Dave Johnson, Led By The Spirit: The History of the American Assemblies of God Missionaries in the Philippines (Pasig City, Philippines: ICI Ministries, 2009), 676 pages, ISBN 9789715033145.
Over twenty years ago Gary B. McGee wrote a comprehensive survey of Assemblies of God (AG) missions, “This Gospel Shall Be Preached.” In it he called for others to follow with regional histories of the various AG fields of missionary service. That call is beginning to be answered. In 1997 Lawrence R. Larson wrote a history of AG work in Fiji that runs over 500 pages. In 2004 A. C. George published his study of the AG in India that runs to nearly 400 pages. Dave Johnson, missionary to the Philippines since 1997, has now given us a detailed history for AG work in the Philippines. We will address three questions about this work.
First, is this history told from the perspective of the “white” missionary to the neglect of the national ministers and church leaders? By focusing on the roles of western missionaries such work as we are reviewing here goes against the grain of current studies of world Christianity. Noted authors like Allan Anderson have stressed the need to tell the stories of gifted and anointed national workers who did much of the “heavy lifting” in establishing missions work; sadly most of their names are lost but much is being done to present “history from below.” But it is also true that the stories of western Pentecostal missionaries are also disappearing at an alarming rate as early generations of pioneer missionaries are gone and records of their life ministry disappear. So it is without shame to say that Dave Johnson has done a great service in preserving the 84-year history of AG missionaries going from the United States to the islands of the Philippines. Johnson’s work does in fact describe the roles and contribution of many Philippine pastors, evangelists, and church leaders.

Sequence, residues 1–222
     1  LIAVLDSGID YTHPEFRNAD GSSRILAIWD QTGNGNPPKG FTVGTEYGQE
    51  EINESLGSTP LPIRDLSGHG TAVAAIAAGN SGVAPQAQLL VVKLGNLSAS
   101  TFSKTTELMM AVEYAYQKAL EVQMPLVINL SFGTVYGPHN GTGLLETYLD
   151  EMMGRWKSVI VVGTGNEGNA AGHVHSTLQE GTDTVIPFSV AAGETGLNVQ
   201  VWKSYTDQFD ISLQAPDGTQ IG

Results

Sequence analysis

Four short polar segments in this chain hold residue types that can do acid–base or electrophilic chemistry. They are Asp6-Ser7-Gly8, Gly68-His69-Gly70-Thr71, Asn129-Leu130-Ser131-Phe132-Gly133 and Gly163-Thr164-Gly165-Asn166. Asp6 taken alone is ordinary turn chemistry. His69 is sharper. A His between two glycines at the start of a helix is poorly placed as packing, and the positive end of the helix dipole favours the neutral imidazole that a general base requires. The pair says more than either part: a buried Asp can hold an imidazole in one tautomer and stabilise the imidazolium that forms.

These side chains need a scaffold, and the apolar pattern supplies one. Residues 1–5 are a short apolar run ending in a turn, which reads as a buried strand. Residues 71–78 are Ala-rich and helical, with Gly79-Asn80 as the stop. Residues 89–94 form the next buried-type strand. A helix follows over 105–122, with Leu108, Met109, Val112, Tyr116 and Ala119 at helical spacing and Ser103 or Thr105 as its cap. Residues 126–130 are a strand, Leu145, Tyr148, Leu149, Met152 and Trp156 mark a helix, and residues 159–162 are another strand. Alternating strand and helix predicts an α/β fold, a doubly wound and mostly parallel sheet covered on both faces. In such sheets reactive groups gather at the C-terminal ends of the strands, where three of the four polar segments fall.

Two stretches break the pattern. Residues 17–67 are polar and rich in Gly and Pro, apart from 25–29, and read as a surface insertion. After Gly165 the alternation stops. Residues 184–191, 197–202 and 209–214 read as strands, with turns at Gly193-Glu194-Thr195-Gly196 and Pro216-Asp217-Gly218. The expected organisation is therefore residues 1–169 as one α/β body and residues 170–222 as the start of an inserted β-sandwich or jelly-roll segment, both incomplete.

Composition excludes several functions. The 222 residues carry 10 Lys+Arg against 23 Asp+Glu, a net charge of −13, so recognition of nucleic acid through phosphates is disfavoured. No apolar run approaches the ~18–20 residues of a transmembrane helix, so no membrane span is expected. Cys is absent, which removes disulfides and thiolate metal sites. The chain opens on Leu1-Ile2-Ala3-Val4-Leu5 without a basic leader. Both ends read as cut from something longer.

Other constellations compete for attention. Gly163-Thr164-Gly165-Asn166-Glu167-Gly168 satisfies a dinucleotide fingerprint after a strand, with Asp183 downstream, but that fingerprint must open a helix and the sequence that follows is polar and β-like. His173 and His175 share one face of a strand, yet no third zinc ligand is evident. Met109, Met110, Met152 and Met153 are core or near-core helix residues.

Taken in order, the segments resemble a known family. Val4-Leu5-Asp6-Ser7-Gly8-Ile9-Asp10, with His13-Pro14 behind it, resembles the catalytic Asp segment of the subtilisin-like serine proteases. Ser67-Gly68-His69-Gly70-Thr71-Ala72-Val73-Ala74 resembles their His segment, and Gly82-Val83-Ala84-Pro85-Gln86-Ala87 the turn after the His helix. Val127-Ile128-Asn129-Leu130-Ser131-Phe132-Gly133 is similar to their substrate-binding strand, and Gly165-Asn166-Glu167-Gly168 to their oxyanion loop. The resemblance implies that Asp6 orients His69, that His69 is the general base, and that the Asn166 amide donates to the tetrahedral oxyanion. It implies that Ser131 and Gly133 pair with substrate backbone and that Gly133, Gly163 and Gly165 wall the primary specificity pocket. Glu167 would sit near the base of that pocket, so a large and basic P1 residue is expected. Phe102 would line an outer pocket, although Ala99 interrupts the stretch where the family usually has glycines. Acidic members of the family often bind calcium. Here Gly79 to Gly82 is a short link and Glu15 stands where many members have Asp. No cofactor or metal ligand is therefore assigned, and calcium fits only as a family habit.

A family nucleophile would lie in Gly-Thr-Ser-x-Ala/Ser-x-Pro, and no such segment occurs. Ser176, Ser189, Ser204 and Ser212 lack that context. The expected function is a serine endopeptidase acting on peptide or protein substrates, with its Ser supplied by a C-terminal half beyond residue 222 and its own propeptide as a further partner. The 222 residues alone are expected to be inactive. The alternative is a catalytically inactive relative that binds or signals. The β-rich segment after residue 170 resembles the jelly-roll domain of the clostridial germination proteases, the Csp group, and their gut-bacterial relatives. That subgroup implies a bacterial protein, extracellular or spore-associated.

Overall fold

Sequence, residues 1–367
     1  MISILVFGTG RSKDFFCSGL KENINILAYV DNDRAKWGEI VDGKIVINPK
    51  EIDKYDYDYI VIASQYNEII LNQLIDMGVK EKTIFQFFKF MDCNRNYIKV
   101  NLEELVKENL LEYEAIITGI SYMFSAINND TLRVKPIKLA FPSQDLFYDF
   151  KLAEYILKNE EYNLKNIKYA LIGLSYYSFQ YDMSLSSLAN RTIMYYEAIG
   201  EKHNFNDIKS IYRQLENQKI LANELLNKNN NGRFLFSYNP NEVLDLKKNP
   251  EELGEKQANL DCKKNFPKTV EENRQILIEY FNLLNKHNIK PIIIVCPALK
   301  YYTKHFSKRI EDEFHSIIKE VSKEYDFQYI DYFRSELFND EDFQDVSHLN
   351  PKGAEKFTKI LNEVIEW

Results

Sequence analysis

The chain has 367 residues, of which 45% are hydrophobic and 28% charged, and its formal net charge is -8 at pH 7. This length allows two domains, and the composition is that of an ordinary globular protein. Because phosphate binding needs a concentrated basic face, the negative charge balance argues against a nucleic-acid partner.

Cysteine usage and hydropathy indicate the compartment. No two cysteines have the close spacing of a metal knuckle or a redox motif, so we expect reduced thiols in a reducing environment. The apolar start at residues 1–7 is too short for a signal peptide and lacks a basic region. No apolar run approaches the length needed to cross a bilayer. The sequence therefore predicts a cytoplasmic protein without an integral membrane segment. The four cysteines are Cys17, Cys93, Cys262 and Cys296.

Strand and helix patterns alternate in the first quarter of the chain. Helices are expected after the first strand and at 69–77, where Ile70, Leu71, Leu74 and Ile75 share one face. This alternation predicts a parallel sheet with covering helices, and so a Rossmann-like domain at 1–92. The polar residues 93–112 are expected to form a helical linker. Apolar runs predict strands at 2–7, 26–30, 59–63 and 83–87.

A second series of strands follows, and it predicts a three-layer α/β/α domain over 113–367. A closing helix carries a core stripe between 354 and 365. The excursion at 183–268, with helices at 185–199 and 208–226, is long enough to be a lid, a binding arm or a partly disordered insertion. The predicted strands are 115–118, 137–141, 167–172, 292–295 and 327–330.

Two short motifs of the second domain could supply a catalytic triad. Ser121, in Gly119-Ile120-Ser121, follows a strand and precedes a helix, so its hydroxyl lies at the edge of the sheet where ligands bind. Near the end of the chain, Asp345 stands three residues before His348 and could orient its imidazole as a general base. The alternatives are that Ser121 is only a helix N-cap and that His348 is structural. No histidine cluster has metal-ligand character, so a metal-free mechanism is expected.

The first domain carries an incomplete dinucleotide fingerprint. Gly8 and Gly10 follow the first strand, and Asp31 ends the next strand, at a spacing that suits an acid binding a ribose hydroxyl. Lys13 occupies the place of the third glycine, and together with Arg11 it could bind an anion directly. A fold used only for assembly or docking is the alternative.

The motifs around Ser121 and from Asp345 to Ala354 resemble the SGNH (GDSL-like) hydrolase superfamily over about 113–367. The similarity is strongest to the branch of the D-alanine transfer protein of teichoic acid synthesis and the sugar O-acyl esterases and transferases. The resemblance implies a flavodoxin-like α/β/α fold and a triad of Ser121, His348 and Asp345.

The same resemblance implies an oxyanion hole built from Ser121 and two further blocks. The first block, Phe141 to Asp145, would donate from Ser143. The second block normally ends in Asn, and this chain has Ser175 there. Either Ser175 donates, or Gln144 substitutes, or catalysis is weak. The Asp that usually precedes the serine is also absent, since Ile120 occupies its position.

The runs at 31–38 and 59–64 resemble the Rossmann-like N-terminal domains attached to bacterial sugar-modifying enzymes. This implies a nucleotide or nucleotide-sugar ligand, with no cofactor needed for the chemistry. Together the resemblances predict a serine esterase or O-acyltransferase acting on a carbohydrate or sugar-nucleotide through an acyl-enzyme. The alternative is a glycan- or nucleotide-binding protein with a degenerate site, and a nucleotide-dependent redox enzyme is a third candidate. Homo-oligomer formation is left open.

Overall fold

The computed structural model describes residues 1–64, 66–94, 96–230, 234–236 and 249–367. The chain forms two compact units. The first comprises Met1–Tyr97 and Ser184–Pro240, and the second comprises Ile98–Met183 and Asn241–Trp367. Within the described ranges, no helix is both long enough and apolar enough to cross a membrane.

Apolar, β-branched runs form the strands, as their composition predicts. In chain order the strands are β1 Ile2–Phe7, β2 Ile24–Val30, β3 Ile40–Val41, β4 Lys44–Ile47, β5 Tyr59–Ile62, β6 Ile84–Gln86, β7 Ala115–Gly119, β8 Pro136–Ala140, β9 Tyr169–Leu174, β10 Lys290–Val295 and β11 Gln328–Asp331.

Second, has Johnson “sanitized” the accounts of these missionaries without mention of their problems and failures? No, Johnson does not hesitate to narrate some of those defeats and failings as my personal knowledge of a few of those missionaries can verify: independent-spirited types, moral failures, and church splits are not glossed over. In any mission field where successful work has produced a national church there will be tension of personnel, administrative control, and mission strategy. For example in chapter nine this work narrates such a moment of tension between the AG Missionary Fellowship and the Philippines General Council of the AG that arose in the 1960s-1970s, reached a peak, and finally resolution.
Third, what resources have been used by the author of this history? Johnson has drawn on a comprehensive variety of sources: Pentecostal Evangel articles, AG missions publications, academic studies, minutes of American and Philippines national committees and councils, taped interviews, missionary newsletters, and emails from current and past AG missionaries.
The nature of Pentecostalism is the taking the message of Jesus to the nations. We can be grateful to Dave Johnson for preserving an important part of that story in the Pacific islands of the Philippines.
Find the book at: daveanddebbiejohnson.com
Reviewed by Malcolm R. Brubaker